Listener 4289 My EntryAll that remained was to enter the three words formed by the Letters Latent under the grid: More like this, a phrase that can be read in one of two ways, depending on the stress. Coincidentally, and courtesy of the QI elves and a tweeter called @Grammarly:

“I never said she stole my money” has seven different meanings, depending on the stress.

And so thanks to Tibea for an excellent puzzle. I hope you gang up against us again in the near future.

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No 4289 Esoteric Coteries? by Tibea

Posted by shirleycurran on 2 May 2014

Coteries 001If you hadn’t immediately twigged who Tibea was/were, the preamble spelled it out in their political statement in their preamble where they (KEA and TIBURON masquerading as some kind of mis-spelled leg bone) focus on a perception ‘that the Listener Crossword is aimed at characters in the “inner circles” (as seen by the rank and file), and that other solvers are belittled, as represented by 12 answers that have a common definition.’

There was more to it after some technical details. We were told (or I imagine ‘setters’ were told) in an evangelical tone, that the editors ‘hope to demonstrate and encourage’ whatever the omitted letters in 12 solutions spelled out for us.

Well, I shouldn’t imagine the esoteric coteries of editors ever descend to read the blogs that the rank and file, the grassroots, hoi polloi, riff-raff, rag-tag, vulgar commonality of bloggers compile each week, so here goes.

I didn’t really need to check through the surface reading to confirm that these two had membership of the Tipsy Listener Setters’ Coterie (at least one of them was still in the bar when I left at about 4 a.m. after the Listener Setters’ Dinner this year). Ye gods, there it was, ‘Prohibition is what fills a bath with rum, essentially (4)’ (TABU but I had a bit of trouble with the wordplay BAT fills (a)BAT(h) and U is (r)U(m) essentially but did that RUM act as an anagram indicator too? My solution seemed to say BATU).

So there they were swilling down bathfulls of the hard stuff and we had ‘Red shifts (3)’ too ([H]ERD) and, to conceal all that mixed imbibing, the bottles were ultimately thrown away, ‘Let children throw bottles (4)’ (RENT hidden).

Now this solve was becoming interesting as that hidden clue was accompanied by another two: ‘Some of LindisfARNE MAnifests returning pre-Christian god (6), and ‘News bulletIN FOllows show (4)’ The late MrLemon, the previous EV Editor was very clear that a single hidden clue was more than enough for a crossword. Was this easing of rigid rules what these editors were propounding? (MrL would, surely have required SHOWS for grammatical accuracy in that clue too wouldn’t he, and it wouldn’t have affected the surface reading?)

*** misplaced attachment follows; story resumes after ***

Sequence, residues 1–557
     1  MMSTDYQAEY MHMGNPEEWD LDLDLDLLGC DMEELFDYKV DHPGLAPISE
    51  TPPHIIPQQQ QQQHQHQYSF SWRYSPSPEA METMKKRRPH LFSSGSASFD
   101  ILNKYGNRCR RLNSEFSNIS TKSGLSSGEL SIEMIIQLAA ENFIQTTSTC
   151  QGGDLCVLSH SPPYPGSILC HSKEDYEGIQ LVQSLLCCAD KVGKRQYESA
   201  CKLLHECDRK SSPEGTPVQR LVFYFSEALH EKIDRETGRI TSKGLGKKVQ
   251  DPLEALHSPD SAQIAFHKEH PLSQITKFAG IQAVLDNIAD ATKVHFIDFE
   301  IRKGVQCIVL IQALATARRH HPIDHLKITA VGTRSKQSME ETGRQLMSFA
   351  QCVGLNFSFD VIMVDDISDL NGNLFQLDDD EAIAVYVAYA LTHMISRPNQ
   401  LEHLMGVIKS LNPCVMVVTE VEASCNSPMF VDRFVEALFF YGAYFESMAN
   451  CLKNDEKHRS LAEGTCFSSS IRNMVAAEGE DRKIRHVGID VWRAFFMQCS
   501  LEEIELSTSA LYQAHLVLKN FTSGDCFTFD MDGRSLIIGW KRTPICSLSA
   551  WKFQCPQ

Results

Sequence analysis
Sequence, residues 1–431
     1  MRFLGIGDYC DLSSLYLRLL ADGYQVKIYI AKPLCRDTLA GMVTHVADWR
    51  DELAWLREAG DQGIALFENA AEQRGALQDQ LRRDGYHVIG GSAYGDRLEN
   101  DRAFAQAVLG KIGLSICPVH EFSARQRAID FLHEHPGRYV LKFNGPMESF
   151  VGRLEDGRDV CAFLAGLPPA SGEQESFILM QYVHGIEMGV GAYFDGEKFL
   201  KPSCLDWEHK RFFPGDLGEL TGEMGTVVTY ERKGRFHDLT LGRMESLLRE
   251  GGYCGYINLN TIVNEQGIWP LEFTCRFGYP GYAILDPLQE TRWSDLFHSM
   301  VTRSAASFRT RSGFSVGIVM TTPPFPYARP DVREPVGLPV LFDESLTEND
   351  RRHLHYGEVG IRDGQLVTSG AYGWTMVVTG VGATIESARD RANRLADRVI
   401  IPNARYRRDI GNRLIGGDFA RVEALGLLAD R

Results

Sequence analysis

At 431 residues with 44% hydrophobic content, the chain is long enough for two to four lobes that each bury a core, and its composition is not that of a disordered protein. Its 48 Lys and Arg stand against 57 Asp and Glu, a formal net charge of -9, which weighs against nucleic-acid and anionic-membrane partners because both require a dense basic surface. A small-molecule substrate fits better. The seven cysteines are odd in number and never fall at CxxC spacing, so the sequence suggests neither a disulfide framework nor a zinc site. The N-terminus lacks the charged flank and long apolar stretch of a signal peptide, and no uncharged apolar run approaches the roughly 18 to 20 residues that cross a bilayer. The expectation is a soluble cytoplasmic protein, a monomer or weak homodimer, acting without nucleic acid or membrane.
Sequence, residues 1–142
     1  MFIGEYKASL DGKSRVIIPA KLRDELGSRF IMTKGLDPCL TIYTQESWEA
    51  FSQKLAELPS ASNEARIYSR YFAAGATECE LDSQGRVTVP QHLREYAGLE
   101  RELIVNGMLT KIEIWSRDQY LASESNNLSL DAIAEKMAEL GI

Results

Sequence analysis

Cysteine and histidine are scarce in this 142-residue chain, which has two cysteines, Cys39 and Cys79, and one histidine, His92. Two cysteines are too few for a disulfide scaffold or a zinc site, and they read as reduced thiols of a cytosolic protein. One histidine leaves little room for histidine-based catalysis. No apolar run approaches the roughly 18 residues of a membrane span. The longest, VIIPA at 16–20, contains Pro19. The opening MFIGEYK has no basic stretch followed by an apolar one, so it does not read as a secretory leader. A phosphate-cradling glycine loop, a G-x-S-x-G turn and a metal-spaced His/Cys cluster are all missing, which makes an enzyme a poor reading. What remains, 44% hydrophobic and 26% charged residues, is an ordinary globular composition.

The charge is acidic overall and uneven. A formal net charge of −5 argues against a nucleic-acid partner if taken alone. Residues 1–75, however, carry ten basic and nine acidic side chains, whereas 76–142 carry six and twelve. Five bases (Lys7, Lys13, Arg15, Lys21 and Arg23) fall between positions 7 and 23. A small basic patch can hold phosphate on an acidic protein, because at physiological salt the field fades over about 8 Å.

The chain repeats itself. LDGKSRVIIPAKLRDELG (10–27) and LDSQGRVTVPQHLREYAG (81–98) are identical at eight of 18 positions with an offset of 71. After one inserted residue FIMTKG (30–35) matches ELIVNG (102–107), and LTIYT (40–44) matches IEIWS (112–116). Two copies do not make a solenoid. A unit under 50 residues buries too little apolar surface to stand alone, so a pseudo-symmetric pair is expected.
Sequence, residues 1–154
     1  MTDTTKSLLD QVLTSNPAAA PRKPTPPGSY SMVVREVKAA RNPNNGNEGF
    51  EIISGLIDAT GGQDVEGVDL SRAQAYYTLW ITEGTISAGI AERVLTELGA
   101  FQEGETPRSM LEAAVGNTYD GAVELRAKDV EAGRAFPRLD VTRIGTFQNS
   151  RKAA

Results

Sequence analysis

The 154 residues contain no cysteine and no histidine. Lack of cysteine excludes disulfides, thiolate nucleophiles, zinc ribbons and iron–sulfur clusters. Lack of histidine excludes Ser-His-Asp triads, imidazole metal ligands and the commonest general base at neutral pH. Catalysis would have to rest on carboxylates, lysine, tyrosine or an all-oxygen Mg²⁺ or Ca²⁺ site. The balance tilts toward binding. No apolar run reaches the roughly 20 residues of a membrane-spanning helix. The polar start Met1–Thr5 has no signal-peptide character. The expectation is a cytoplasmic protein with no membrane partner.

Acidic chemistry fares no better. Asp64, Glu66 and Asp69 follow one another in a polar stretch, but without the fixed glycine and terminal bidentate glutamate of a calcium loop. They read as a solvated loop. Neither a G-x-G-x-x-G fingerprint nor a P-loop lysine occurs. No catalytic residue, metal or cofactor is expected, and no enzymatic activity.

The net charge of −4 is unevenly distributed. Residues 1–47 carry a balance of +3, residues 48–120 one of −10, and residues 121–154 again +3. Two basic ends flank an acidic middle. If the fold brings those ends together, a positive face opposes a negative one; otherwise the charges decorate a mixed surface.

We had spotted that clue lengths didn’t agree with grid lights in twelve cases and we focussed on those as ’12 answers’ that ‘have a common definition’ (COMMON indeed – the effrontery of it!) That clue that led to ERD, happily gave us our essential break-through after only a few minutes of solving. (Is this the regime we are being coached in? Easy clues, early p.d.m.s?) It tied in with the preamble and my triumphant cry of ‘The common HERD, that’s us!’ led to a fairly rapid gridfill as we located COMMONALITY, HOI POLLOI, GRASSROOTS, THE MASSES, RABBLE ROUT, CANAILLE, RUCK, MULTITUDE, THIRD ESTATE, RIFFRAFF and VULGUS.

MORE LIKE THIS said my extra letters. So that is what we have in front of us: a demonstration model of what the editors wish to encourage. I wonder whether this is an editorial protest against the flood of Magpie D and E-style crosswords that has created a two-year backlog pile up for most setters submitting something to the Listener (cheekily, I wonder whether this one sat in the pile for two years – yes, wash your mouth out with soap, Numpty!)

Like this? Well it had a delightful aspect. Long after mine had been mailed, a fellow solver said ‘ESOTERIC’ (Chambers says, ‘Inner, secret, mysterious, taught to a select few’) ‘well, I suppose the Listener image is that!’  ‘Esoteric?’ I rejoined, ‘My inner circles contained the word COTERIE! (Chambers says, ‘A social, literary or other exclusive circle). Nice one, Tibea!

That wasn’t the only aspect that earned Numpty nods of approval. There was a superb range of clue types. We had the proper nouns AMENRA, ANAHEIM, BRAHMS, DYFED and SINBAD (what a gem of a clue ‘Evil, evil, Arabian adventurer’), the classical references in OIDIA, HOI POLLOI, and the HS (HOC SENSU) of that difficult TATHS clue, a bit of Spenser (of course!) in THEED and ALSOON and a fair spattering of anagrams to get us going and clues using subtraction, reversal and alternate letters. There wasn’t an imbalance of any clue type.

Was there any unfairness? Am I allowed to complain about a comma? If I had written that clue ‘Built in, with one side turning to the other (7)’ (ELECTED with L changing to R), the late Radix who so kindly coached so many of us, would have said ‘Remove that deceptive comma – if you have one there, you have to have one after ‘Built’ too!’ Now that is effrontery, complaining about the coterie’s commas, so I had better get my coat!

Great fun, thanks, Tibea. Let’s have more like that!